USS Gerald Ford—the “Floating city,” the first unit of America’s new aircraft carrier class. Built at Newport News Shipbuilding by the world’s best shipbuilders, the christening marks the beginning of a new class of carriers. Take a look at the videos…
Capt. John F. Meier, the CO of Gerald R. Ford (CVN 78), the first-in-class aircraft carrier under construction at Newport News Shipbuilding, details the differences and improvements of the Ford class compared to Nimitz class. For more on Gerald R. Ford, visit http://www.thefordclass.com
About 5,000 American shipbuilders are participating in the building of aircraft carrier Gerald R. Ford (CVN 78).
At completion, Ford will weigh nearly 100,000 tons—as much as 400 Statues of Liberty.
200,000 gallons of Haze Gray paint cover CVN 78—enough to give the White House 350 coats of paint.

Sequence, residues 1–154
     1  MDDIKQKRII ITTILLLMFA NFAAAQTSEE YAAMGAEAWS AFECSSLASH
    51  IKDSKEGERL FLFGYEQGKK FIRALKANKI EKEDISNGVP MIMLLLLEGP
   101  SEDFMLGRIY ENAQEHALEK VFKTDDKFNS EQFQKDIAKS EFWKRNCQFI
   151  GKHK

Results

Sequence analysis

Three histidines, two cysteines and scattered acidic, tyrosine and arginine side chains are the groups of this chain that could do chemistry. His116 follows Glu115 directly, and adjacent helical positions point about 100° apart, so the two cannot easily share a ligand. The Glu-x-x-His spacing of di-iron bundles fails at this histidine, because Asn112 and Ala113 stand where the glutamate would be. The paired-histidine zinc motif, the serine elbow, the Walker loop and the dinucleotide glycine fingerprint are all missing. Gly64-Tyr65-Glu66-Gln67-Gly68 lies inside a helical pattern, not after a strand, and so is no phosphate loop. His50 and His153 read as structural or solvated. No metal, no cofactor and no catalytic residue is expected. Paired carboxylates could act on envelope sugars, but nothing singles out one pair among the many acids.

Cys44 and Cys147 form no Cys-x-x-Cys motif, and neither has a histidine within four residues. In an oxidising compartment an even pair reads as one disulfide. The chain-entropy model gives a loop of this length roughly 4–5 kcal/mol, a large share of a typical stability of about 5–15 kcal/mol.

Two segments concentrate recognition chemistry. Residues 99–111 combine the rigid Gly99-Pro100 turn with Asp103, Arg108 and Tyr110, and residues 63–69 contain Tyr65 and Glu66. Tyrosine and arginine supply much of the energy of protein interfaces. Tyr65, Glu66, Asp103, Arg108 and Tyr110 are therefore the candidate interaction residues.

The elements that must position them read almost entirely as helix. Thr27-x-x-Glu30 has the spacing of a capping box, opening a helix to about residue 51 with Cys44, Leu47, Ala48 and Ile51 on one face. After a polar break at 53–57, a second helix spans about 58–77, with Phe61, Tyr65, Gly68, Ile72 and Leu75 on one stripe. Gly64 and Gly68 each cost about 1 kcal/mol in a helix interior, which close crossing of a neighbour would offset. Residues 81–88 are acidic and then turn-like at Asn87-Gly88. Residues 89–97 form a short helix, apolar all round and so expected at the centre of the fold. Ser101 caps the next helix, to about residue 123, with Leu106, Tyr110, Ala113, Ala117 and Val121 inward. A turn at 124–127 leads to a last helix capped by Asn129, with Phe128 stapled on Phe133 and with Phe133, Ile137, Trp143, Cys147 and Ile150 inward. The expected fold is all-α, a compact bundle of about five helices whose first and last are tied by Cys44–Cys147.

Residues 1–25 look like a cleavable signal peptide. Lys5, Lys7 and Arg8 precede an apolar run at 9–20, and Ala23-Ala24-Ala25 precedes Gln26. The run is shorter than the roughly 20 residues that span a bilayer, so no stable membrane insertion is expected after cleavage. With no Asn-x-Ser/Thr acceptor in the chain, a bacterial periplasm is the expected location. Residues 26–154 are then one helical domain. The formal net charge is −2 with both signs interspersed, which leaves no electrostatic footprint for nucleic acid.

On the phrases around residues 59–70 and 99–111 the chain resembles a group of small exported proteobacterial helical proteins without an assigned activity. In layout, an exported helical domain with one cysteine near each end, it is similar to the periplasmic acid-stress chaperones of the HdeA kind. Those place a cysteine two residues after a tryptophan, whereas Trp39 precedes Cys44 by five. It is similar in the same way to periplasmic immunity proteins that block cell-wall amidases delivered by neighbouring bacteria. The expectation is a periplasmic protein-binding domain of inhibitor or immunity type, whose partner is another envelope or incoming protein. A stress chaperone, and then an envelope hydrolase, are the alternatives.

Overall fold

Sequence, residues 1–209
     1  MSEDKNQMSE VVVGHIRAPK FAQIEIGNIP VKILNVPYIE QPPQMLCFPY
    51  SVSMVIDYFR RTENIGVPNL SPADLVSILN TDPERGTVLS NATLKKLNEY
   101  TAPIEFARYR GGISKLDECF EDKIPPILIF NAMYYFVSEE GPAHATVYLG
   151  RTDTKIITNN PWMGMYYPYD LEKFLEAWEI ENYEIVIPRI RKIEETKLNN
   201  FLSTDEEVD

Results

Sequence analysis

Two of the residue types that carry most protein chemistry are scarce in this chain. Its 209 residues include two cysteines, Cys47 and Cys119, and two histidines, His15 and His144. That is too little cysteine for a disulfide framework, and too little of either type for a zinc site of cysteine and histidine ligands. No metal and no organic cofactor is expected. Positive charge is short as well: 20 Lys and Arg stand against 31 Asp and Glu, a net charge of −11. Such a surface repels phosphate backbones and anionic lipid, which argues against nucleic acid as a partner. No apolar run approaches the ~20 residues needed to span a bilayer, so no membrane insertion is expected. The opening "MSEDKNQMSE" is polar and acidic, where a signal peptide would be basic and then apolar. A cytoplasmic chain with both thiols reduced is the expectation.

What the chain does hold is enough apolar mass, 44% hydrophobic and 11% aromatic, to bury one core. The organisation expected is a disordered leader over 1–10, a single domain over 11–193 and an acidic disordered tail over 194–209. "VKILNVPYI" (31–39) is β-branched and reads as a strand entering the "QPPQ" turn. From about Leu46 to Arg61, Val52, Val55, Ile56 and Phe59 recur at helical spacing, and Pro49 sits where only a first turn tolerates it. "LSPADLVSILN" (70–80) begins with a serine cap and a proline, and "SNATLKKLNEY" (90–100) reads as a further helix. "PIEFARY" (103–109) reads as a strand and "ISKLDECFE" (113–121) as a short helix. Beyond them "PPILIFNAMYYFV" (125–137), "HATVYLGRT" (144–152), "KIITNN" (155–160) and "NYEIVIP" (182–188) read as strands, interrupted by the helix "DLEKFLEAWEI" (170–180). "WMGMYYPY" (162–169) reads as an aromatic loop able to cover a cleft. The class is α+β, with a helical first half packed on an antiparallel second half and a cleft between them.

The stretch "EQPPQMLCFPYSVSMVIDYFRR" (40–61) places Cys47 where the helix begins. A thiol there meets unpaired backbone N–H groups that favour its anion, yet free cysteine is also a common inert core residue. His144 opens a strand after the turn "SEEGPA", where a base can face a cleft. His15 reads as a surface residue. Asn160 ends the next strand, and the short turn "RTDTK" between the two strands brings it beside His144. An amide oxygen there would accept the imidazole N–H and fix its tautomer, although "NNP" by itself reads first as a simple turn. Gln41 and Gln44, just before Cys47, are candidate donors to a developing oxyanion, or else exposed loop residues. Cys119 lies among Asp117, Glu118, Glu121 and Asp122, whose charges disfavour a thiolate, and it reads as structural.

Ford has been called a “floating city,” holding 4,660 personnel and 75 aircraft.
The carrier has a 5‐acre flight deck.
Ford produces 400,000 gallons of fresh water per day.
The ship produces 15,000 meals a day.
Ford can reach speeds in excess of 30+ knots.
CVN 78 is the first aircraft carrier to make a significant leap to electrical power, replacing many legacy steam‐powered systems and preparing the ship for future technologies.
The new electrical distribution system increases electrical capacity by 250 percent.
An Electromagnetic aircraft launch system (EMALS), similar to the system that powers many of today’s roller coasters, replaces steam catapults, enabling a smoother launch for the airwing of the future.
Ten million feet of electrical cable is installed on Ford, enough cable to span the distance from Washington, DC to Albuquerque, NM.
Four million feet of fiber optic cable is installed on Ford, the length of more than 7,200 WashingtonMonuments stacked on top of each other.